As I’m sure is perfectly obvious by now he got it with this record before us today and upon its arrival he became known forevermore as Paul “Hucklebuck” Williams.

But just how big WAS it?
 


The Big Time For The Big Horn
In February 1956 an episode of The Honeymooners entitled “Young At Heart” had blustery bus-driver Ralph Kramden making a typical fool of himself by trying to act young to satisfy long-suffering wife Alice’s desire to go out and have fun for a change after being inspired by a teenage girl in their building who was raving about her boyfriend and their litany of activities.

Needing help in his endeavor Ralph enlisted his best friend, sewer worker Ed Norton (where ELSE would you go for lessons in culture after all?), to come down to teach him the new dance steps and Norton used the record “The Hucklebuck” as he tried showing Ralph how “be hep”.

Though it wasn’t Paul Williams’ version they played (for copyright reasons perhaps… or because they didn’t want Williams uncouth sounds being heard on network TV… or maybe they used Kay Starr’s take on it just so they could hear lyrics) the song itself had been a hit SEVEN YEARS earlier (!) which gives some idea of the record’s lasting impact. This truly had been the first rock record co-opted by the larger world.

Rock ‘n’ roll music was supposed to be a disposable entity. Something listened to for a brief time, then discarded and forgotten. Seven years is a LONG time to take to be forgotten.

That’s how big it was.
 

When Is The Time?
The tune itself though had its roots even earlier than its January 1949 release date. Because instrumentals have fewer components (lyrics, vocals) you’d think they might be easier to come up with good ones. But without those facets the burden for its potential appeal falls entirely on melody and an instantly memorable hook. Something that was easier said than done.

So looking for inspiration, or perhaps letting the musician’s subconscious wander freely through the garden of musical riffs – if not slipping in the back door and absconding with a melody that wasn’t currently in use – it was quite common to lift sections of songs and create new ones out of the remnants of the old.

Paul Williams did that with The Hucklebuck.

The origins of it was found in a Charlie Parker song entitled Now’s The Time with a veritable all-star team behind him, Miles Davis on trumpet, Max Roche on drums and Dizzy Gillespie on piano of all things! It was a piece Parker returned to time and again over the years.

The famous recording of it (also on Savoy, where Williams now was… under the same producer no less, Teddy Reig) featured Gillespie kicking off the song with a discordant piano intro before Parker came in playing the main riff in a mellow seductive sort of way. Jazz in a basement club with men in shades may be a well-worn stereotype but songs like this is where the stereotype was born.

Though the main riff is warm and inviting the rest – especially Davis’s trumpet – sounds more detached and aloof by design. All brilliantly played, the spacing in particular is superb, each instrument given room to breath (listen to Curly Russell’s plucked bass standing lonely in the corner towards the end) but it’s jazz of an era and style where the audience were set apart from the musicians, silent observers to artists plying their trade.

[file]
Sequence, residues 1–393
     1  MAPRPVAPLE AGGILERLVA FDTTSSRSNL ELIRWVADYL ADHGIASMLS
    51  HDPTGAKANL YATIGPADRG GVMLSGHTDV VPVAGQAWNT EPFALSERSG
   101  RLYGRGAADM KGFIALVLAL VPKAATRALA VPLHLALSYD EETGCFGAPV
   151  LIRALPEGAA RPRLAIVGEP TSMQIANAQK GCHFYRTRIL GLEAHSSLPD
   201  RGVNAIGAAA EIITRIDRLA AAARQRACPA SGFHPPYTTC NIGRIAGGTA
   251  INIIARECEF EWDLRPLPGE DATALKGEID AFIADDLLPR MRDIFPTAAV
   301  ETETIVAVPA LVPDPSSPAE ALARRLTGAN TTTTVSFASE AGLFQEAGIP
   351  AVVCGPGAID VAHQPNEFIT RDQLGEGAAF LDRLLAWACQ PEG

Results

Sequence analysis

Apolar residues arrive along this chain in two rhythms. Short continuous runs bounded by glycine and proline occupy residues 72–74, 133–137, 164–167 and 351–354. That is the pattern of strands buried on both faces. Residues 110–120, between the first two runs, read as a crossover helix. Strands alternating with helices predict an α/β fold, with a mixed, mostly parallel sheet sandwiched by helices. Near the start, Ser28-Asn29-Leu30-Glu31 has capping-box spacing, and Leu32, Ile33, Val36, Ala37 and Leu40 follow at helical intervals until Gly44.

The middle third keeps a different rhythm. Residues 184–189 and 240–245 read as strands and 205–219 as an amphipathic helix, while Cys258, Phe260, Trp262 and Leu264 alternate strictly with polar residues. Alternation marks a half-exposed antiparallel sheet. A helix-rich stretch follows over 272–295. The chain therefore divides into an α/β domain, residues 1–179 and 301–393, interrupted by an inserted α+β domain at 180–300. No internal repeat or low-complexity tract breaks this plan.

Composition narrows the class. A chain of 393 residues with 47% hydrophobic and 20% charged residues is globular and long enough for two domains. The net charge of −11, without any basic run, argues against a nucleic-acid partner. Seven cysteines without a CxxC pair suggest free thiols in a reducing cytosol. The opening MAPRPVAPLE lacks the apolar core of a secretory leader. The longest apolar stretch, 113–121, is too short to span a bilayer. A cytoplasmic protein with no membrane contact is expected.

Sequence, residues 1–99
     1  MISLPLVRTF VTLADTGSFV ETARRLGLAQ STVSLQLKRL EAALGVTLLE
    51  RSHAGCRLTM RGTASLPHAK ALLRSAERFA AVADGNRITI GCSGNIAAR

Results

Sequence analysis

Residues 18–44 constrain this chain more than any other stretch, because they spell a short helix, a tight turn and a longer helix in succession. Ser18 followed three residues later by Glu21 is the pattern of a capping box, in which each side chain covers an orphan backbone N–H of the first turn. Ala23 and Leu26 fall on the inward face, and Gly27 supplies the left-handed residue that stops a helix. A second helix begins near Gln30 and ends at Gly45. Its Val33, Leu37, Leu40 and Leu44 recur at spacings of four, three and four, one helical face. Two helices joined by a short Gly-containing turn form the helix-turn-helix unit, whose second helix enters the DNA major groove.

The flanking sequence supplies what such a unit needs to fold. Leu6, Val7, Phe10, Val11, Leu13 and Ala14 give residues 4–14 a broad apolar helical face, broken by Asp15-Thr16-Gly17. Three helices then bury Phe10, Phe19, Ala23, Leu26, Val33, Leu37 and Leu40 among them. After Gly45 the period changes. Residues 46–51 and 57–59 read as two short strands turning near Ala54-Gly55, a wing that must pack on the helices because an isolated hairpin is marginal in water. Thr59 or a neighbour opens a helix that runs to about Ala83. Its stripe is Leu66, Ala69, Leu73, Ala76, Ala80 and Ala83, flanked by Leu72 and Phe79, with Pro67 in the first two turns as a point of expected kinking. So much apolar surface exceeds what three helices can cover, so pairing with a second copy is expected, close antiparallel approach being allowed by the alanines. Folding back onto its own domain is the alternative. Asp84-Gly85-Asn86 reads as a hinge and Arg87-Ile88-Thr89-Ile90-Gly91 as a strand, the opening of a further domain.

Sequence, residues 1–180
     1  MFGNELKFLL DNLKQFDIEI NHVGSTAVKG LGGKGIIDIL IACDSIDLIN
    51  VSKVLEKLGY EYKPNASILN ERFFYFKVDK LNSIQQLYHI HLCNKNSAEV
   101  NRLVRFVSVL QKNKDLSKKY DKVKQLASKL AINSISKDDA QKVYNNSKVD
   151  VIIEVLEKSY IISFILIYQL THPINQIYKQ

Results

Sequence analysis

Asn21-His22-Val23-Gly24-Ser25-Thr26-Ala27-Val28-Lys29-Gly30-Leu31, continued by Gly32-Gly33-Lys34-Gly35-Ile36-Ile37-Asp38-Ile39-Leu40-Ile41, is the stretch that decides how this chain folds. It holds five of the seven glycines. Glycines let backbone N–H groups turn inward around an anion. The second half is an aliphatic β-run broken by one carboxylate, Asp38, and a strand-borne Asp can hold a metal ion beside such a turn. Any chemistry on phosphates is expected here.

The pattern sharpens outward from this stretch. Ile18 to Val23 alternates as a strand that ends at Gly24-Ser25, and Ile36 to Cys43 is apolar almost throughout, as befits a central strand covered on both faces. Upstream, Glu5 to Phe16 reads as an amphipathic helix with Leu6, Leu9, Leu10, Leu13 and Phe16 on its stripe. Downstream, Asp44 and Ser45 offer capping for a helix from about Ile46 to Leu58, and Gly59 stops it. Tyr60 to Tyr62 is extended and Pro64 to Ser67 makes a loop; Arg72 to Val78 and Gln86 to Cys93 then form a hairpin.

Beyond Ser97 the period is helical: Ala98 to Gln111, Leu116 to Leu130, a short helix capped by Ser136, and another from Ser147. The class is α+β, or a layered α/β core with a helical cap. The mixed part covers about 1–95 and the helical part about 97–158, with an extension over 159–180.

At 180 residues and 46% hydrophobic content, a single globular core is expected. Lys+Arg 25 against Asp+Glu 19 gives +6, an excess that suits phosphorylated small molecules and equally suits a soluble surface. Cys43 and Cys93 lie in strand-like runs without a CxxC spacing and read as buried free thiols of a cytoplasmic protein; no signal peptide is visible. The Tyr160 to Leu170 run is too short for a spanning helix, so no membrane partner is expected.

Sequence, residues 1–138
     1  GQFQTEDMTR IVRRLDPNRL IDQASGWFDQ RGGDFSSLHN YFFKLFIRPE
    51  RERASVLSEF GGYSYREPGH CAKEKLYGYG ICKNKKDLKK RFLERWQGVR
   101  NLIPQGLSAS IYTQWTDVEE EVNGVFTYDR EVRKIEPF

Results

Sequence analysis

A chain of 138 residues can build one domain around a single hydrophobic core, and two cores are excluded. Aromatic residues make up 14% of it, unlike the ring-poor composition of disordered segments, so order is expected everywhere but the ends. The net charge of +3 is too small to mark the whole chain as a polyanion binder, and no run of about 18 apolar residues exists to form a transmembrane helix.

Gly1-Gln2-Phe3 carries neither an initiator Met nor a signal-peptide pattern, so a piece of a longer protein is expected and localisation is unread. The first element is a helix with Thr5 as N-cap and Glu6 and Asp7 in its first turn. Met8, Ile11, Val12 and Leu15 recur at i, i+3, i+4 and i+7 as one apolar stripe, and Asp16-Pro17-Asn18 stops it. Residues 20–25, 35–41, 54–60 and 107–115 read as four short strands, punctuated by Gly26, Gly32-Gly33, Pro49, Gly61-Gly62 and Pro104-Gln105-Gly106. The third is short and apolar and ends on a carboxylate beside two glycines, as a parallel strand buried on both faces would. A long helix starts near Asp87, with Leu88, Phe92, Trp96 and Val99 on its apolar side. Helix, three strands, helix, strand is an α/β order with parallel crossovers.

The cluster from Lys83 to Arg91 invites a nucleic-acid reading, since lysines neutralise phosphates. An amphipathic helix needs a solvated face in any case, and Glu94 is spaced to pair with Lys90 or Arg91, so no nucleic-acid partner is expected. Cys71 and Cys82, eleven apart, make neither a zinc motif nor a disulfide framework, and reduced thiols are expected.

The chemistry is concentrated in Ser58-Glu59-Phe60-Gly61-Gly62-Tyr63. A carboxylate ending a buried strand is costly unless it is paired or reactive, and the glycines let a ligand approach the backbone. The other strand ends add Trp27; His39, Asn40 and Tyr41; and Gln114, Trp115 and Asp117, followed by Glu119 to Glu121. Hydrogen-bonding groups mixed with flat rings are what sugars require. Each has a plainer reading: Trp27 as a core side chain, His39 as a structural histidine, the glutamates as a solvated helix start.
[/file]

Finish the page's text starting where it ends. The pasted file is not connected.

Now everybody in black music by late ’48 – especially those with jazz credentials – were in awe of Charlie Parker and so naturally songs like this got around. Williams encountered it when he heard it being played in a club by Lucky Millinder’s band (again, for the uninitiated, one of the vital pre-rock transitional bands in black music, breeding ground for a wide array of stars including Wynonie Harris, Sister Rosetta Tharpe, Bull Moose Jackson, Big John Greer and a host of others).

Millinder hadn’t gotten around to recording it yet but soon would under the title D’Natural Blues. Williams liked the arrangement and so he used that as a starting point but made some adjustments of his own in order to reach the rock constituency he was representing.
 


 
 

I’ll Tell You When
So those are the sources, like a musical viral infection spread from jazz to mainstream black modern music to rock ‘n’ roll. The strain of the virus was potent enough that there was seemingly no immunization from its effects once heard.

The structure of Williams The Hucklebuck at first seems much the same as the others. The piano is playing the same basic choppy intro, but when the horns come in the mood is changed. Already shed from the arrangement are some of the more notable jazz touches in the background – there’s no drummer riding the cymbals as Max Roach had done on Parker’s song. The bass is both more prominent (holding the bottom with steady precision in a simpler more direct approach), and also less showy, there are no standalone moments for it to be noticed, it’s simply there to keep your shoulders grooving in Williams’s take on it.

It’s a fuller sound, yet also a more streamlined sound. The horns play in unison at first, taking the undulating riff much slower with more of an ache to their tone than Parker’s spry alto managed. The result is something lean and sinewy, a record that has a built-in tension to it capped by wonderfully timed snares which release the tension suddenly but completely at the end of the grinding refrain.